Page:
Macclesfield Forest is a magnificent space to explore the outdoors. What you see today are the remnants of the Royal Forest of Macclesfield, a once-extensive ancient hunting reserve. The roughly 400-hectare forest, bordered by two of Cheshire’s highest peaks, Teggs Nose to the Northeast and Shutlingsloe to the Southwest, is set around the Ridgegate and Trentabank reservoirs, the latter being a much-loved wildlife reserve. Once a hunting ground, now Macclesfield Forest is home to the largest heronry in the Peak District and there’s plenty of wildlife including mandarin ducks, red deer and stoats.

Macclesfield Forest lies on the edge of the Cheshire Peak District. Cheshire’s Peak District encompasses nearly 100 square miles of inspiring scenery that includes the world-renowned Peak District National Park. The area also includes the Gritstone Trail, a 35 mile walking route taking in wild moorland, rocky outcrops, impressive peaks and breath-taking scenery. There’s an abundance of natural beauty to explore, from the crested views of Mow Cop and Kerridge Hill, to the epic Gritstone Trail and vistas surrounding Rainow, making the Cheshire Peaks a must to explore and find yourself in the natural environment.

The Sandstone Ridge

Above the expanse of the Cheshire Plain, you can find the Sandstone Ridge. This 230 sqkm landscape is rich in heritage, archaeology, wildlife and culture. It’s little surprise the Ridge was shortlisted for Area of Outstanding Natural Beauty status when you traverse the landscape to find peaks with panoramic views, serene forestry and vast heathland. This celebrated landscape provides a home for a wide variety of plant and wildlife with everything from purple heathers, yellow gorse and green bilberries to colourful wildflowers, native birds and more. With such an expanse, there’s plenty of room to explore and find a spot for quiet reflection.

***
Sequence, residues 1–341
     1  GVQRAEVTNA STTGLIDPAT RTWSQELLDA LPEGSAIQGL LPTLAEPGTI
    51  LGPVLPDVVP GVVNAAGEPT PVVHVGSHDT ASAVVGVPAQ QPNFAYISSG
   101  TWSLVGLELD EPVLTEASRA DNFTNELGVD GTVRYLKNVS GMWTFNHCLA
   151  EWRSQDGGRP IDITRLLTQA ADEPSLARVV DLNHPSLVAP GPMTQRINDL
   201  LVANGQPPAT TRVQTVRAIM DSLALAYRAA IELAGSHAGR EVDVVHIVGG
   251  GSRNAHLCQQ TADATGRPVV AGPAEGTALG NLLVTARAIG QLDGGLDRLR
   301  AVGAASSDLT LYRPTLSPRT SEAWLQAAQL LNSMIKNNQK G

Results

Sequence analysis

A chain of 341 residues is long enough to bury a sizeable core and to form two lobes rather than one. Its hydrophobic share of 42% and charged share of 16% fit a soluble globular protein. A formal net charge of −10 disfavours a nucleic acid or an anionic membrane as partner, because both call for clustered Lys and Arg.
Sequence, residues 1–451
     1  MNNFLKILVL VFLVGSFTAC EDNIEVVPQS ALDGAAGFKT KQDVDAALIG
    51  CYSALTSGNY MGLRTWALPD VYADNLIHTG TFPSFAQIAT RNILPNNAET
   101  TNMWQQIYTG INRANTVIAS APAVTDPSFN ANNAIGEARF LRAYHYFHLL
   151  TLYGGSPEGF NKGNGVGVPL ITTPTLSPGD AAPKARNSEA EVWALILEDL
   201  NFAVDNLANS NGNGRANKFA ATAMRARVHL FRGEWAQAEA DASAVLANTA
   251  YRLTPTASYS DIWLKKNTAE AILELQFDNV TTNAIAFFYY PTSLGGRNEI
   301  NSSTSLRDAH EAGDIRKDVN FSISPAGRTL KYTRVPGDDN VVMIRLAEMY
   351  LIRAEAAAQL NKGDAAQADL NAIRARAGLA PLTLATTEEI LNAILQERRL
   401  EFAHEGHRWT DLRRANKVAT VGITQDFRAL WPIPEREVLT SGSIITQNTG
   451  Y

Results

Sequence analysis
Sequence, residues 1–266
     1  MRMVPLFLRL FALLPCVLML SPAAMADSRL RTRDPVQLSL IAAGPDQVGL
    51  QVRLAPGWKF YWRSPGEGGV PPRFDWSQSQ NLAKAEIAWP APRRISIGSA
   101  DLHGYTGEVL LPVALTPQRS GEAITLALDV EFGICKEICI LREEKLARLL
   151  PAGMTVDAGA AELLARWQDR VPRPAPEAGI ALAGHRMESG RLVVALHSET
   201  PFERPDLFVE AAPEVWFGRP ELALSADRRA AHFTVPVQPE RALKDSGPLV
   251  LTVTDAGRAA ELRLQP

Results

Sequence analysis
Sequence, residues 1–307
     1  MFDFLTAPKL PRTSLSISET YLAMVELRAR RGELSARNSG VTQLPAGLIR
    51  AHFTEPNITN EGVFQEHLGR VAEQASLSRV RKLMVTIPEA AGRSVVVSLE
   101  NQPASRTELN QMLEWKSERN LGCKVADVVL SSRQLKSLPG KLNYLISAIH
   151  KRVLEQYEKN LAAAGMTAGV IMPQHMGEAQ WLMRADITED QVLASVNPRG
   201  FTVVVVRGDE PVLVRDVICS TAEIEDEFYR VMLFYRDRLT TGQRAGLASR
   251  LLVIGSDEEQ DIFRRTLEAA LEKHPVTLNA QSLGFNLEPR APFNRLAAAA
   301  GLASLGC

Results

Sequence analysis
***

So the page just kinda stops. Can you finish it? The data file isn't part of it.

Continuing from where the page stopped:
One of the most popular aspects of the Sandstone Ridge is Delamere Forest. Once the Royal Forest of Delamere, the forest now provides a number of excellent walking routes through the serene, often mystifying woodland. To really experience the essence of the Ridge, we recommend walking up Old Pale Hill. Once you reach the summit, you’ll experience panoramic views of the plain below and much farther afield including the Clwydian Range, the Mersey Estuary and Liverpool, the iconic Lovell Telescope and much more. Technology is literally and figuratively far away when you experience the views from atop Old Pale.

Credit Nick Holmes

These are just a few suggestions, and there is plenty more room to explore, relax and reconnect with nature across Chester and Cheshire this year.


The Lovell Quinta Arboretum
Bluebells at The Lovell Quinta Arboretum

Nestled in the heart of the Cheshire countryside in the picturesque village of Swettenham lies this horticultural treasure. The arboretum was the lifelong project of Sir Bernard Lovell, founder of the Jodrell Bank Radio Telescope.

Tatton Park
Historic House / Palace
Daffodils in the Parkland at Tatton Park

Tatton Park’s ancient Parkland is just waiting to be explored.

Chester Zoo
Animal Collection
Giraffes, Chester Zoo

A visit to Cheshire isn’t complete without a trip to the UK’s number one zoo. Chester Zoo is home to over 27,000 endangered and exotic animals based in beautiful, award-winning zoological gardens.

Macclesfield Forest
Nature Trail
Macclesfield Forest

Today Macclesfield Forest is managed by United Utilities as part of the water catchment area around the reseroirs. There are four reservoirs in the vicinity with Ridgegate and Trentabank reservoirs providing Macclesfield town with drinking water.

The Sandstone Trail
Walking Route
Beeston Castle on the Sandstone Trail

Stride out along the Sandstone Trail and sample some of the finest walking in Cheshire. Follow the ridge of sandstone that rises dramatically from the Cheshire plain and enjoy this invigorating walk at any time of year.

Delamere Forest
Delamere Forest

Delamere Forest is Cheshire's largest area of woodland and is a place for families to let off steam, escape the crowds, enjoy the stunning views and find peace in the heart of the forest.



  1. Alice Brooks
    I love nature in Cheshire the most. Whenever I feel too much stress at college, I visit The Sandstone Ridge to get distracted from all the problems. Also, my friends recommended me to check for help with my assignments, as the huge workload doesn't allow me to take a deep breath and relax. I think next my visit will be on this weekend